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Inside the Eclipse release

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Beyond Java

It is interesting to see how Eclipse is becoming the tool platform for languages beyond Java. ";Eclipse has never been about Java," says Milinkovich. "We happen to implement in Java, but we have always been interested in developing tooling for as many languages and as many platforms as we can find interested parties willing to lead projects. C and C++ have been very successful for us. Having first-class support for PHP from Eclipse is also very important for the Eclipse community."

It is an easy decision for vendors like Adobe or Zend, or for open source communities looking for an IDE for up-and-coming languages like Ruby. If you set out to build an IDE, a lot of the work is in the infrastructure and plumbing. Eclipse gives you that free; and across multiple platforms.

Best on Windows?

The Eclipse platform is built using the Standard Widget Toolkit, which wraps native platform widgets in a cross-platform Java API. The idea of SWT is to provide excellent platform fidelity; but in consequence, there are more differences between platforms.

Is Eclipse best on Windows, acceptable on the Mac, and below par on Linux? "On the Mac in particular, I've been told that Eclipse running on the new Intel Macs are showing a major performance improvement," says Milinkovich. "On the Linux side, there have been some committers on Eclipse that have contributed back to GTK in the past to try to help with performance, but Eclipse is a very complex user interface and we're really straining the bounds of what GTK is capable of.

"I've talked to the SWT team about this several times and they really do feel that they've done everything they can do in SWT to make the performance better on Linux. Now there are some things coming in Cairo [a vector-based cross-platform graphics library] which are improving the situation on Linux as well. For example, getting printing working properly."

"The fact of the matter is, right now Win32 is probably the most finely-tuned GUI platform out there," he continues. "That's just a statement of fact. They've been at it a long time and they've got enormous resources, so they're fast."

These are contentious remarks, but in truth, one of the design goals of Eclipse was to compete effectively with Microsoft's Visual Studio. When Eclipse was formed five years ago, it was felt that this could not be done with Swing, the native Java GUI framework. That argument is now hard to sustain, but goes some way to explain why Eclipse is a good Windows citizen. Still, as Milinkovich notes: "There are a lot of Eclipse users on Linux and the Mac that are very happy with the performance."

IBM in disguise?

Eclipse was formed in 2001, when IBM open sourced a large part of its code for the Websphere Studio Java IDE. Eclipse could not have happened without IBM, but its large presence has raised suspicions among its competitors.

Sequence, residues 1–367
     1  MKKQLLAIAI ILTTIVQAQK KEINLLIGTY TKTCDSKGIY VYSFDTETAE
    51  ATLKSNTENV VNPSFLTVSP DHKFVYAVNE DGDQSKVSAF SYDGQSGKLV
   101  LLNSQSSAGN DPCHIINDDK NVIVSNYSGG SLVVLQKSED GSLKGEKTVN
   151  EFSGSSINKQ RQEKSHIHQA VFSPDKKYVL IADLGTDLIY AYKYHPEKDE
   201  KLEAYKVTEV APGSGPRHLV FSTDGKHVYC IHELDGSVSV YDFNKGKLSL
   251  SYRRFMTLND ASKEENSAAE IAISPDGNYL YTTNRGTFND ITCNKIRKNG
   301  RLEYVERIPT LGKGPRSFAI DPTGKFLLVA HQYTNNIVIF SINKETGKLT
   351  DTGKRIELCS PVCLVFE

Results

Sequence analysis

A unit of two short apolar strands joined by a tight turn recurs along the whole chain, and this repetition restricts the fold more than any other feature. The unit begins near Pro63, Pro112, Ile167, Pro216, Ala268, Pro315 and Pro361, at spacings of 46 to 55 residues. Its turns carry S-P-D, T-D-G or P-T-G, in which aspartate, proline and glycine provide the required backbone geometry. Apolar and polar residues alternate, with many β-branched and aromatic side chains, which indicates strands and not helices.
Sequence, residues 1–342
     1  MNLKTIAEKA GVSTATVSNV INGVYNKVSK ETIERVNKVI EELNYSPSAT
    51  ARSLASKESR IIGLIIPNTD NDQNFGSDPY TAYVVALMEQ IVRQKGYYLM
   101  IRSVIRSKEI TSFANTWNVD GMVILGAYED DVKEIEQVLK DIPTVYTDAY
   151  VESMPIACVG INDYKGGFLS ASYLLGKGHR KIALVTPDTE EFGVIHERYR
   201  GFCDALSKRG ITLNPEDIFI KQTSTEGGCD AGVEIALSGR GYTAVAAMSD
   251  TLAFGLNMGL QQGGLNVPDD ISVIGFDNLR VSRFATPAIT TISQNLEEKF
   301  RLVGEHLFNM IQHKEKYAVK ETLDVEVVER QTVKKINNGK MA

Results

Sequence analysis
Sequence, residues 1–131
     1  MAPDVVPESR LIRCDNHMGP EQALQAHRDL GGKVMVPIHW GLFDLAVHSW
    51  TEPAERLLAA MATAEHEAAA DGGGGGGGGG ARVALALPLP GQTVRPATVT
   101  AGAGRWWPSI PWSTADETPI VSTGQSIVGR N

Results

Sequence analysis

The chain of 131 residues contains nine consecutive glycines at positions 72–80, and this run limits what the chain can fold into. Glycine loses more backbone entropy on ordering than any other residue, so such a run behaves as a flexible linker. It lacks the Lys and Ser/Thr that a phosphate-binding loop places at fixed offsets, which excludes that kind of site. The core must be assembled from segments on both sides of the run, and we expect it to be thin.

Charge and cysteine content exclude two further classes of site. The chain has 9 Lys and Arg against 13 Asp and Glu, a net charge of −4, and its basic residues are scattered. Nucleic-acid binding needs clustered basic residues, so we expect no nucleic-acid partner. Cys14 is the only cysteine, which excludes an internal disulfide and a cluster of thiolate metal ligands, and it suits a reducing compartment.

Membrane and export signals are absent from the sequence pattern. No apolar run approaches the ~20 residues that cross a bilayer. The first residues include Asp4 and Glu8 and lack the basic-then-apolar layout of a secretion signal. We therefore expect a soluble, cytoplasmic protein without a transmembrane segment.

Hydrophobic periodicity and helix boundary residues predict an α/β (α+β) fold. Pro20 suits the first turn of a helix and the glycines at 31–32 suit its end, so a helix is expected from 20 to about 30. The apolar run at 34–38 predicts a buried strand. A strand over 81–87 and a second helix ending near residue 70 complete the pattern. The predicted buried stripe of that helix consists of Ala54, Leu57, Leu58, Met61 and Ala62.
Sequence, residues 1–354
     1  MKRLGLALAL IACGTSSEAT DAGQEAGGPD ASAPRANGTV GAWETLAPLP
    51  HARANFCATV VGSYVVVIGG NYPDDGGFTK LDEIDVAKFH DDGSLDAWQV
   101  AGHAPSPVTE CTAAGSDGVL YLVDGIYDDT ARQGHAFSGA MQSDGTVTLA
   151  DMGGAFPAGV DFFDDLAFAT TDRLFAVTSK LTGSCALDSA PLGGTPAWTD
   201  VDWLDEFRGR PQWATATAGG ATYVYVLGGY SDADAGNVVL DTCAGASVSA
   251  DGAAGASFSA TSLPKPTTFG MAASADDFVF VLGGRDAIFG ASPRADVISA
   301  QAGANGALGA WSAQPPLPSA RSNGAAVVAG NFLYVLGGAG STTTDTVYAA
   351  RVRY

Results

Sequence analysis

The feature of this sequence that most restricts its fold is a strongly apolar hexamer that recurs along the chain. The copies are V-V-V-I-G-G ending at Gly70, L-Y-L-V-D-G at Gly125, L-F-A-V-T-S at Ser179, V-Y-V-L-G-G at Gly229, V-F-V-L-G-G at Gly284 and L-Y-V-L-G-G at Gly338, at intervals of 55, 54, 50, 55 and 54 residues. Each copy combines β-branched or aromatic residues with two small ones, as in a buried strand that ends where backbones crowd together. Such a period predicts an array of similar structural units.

Borland's former CEO, Dale Fuller, assured me back in 2003 that Eclipse was full of "little booby traps" which direct you towards Websphere. Since then Borland has reversed its attitude, and the forthcoming JBuilder is built on Eclipse, but suspicions remain. so, I asked Milinkovich whether Eclipse is dominated by IBM.

"The governance of Eclipse, in terms of the board of directors, the Eclipse Foundation, the byelaws, and so on, are completely open and level." he replied. "IBM does not have any special vote or any veto power within the Eclipse foundation. When the Eclipse foundation was set up, IBM agreed that all of the votes from all of the committers who work for a particular company collapse into one vote. In other words, an individual committer member at Eclipse has as much of a vote for the board representation of the committer community as all of the committers from IBM combined. So I think IBM went way beyond the call of duty when they agreed to the governance model at Eclipse."

"The other side is that they are clearly the largest patron of Eclipse, and are investing the most in terms of resources. Frankly, I think that's a good thing. I'm never going to turn away a project proposal from IBM just because it comes from IBM. But we have seen over the last two years a significant drop in the proportion that IBM represents at Eclipse in terms of the committer population. They've dropped from somewhere around 80 per cent in 2004 to just below 50 per cent now. We're doing that by growing the number of projects and committers at Eclipse, not by turning away good ideas or good people from IBM."

Committers are those who have write access to the Eclipse code repositories. To become a committer you have to be elected by existing committers on a project. That is the only requirement, so committers can be individuals or from companies which are not Eclipse members. Milinkovich estimates that "15 per cent of our committer population are individuals".

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